Resource Management: Less Complex Algorithms – More Meaningful Insights Part II

resource management

In part one of this blog, I told you how tired our client was of talking about algorithms. The frustration stemmed from the fact that algorithms should perfectly predict resource needs. But difficulty pinpointing the correct factor or two, office politics, and using overly complex algorithms get in the way of accurate predictions.

Our client was much more interested in talking about how to manage the resource pools more strategically. What ensued were insights about strategically managing capacity and how they connect to the goal of bringing new products to market faster. A goal everyone can get behind.

Resource Management Insights

What was interesting to me was that reducing the data collection resulted in more robust insights. This is much like the movie  “Moneyball.” A Yale economist suggests fewer and simpler statistics. This enables better decision-making about which baseball players would maximize the Oakland A’s return on investment (i.e. player salary).

Similarly, the pharma industry needs to rethink how it uses algorithms to draw a clearer line of sight to the company’s goals.  I want to share one such insight which may seem a bit counterintuitive. That is the importance of carefully understanding the business impact of tightening resources. This is especially true in terms of potential timeline shifts.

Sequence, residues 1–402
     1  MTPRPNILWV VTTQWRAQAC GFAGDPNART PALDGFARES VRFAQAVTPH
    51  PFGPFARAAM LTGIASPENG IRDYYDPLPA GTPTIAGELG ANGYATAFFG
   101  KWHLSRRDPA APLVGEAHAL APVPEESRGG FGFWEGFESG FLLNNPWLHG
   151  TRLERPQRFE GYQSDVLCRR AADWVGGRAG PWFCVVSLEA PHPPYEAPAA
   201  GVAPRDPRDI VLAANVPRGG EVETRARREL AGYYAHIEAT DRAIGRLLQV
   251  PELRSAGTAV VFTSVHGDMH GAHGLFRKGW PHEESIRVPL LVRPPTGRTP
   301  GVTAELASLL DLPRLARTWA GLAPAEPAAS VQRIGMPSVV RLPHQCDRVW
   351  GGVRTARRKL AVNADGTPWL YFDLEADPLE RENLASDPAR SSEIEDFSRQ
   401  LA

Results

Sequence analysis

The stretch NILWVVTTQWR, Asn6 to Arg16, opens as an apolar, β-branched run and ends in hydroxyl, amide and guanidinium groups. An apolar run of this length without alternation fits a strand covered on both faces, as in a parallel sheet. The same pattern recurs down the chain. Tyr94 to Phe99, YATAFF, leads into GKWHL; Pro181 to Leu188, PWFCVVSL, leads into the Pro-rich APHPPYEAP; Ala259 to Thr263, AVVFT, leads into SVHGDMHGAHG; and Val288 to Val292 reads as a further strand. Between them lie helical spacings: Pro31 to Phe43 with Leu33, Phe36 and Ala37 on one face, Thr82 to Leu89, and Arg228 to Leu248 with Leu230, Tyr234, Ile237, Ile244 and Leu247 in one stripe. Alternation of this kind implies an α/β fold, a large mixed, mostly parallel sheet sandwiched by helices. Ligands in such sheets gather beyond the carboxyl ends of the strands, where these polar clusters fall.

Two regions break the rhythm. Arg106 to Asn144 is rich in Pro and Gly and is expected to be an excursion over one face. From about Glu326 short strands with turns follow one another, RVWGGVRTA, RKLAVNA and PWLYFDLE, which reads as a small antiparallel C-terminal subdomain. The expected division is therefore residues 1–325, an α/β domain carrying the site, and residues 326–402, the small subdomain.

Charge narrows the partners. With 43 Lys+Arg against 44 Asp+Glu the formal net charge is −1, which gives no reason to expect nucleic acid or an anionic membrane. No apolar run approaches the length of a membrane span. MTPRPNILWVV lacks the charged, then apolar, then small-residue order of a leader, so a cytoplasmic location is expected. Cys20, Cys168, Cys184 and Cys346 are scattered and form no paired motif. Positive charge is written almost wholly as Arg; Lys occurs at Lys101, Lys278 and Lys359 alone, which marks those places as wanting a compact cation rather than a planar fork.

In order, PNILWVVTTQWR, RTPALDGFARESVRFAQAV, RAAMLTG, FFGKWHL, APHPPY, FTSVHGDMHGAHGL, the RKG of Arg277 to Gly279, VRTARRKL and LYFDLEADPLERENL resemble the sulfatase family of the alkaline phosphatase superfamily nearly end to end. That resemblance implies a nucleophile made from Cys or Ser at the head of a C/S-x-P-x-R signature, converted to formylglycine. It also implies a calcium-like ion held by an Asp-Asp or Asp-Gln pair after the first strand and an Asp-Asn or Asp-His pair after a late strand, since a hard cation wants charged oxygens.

resource management

Here’s why. It’s easy, intuitive, and efficient to stack up all your portfolio’s planned studies and then lay out the resource requirements. Ideally, you are able to sequence studies in a way that meets business goals without high peaks or low valleys. While some degree of variability is inevitable, ultimately most resource planners set required resource capacity at the level of highest need. They then proudly report back to executive management that they’ve optimized efficiency.

Dealing with Delays

But a plan is just a starting point which inevitably won’t match up with actual execution.  In product development, there are inevitable delays.  While some of these are within control, many others are not, and so even the tightest execution can result in delays.

When this happens, resources end up committed to a project for longer than anticipated.  So when the next big project starts, the resource who was planned to work on it is still tied up with their prior commitment.  This leads to another delay.  Suddenly, all the planning for efficiency ends up creating a domino effect of timeline delays. Industry wisdom puts this at a value of one million dollars per day in lost revenue (provided the delay is on the critical path). Diligent capture of actuals has repeatedly demonstrated this impact with several of our clients.

The takeaway?  Plan for the inevitable delay.  Include some slack for constrained resources. This means delays do not end up cascading through the entire portfolio as project delays create resource demand overlaps.

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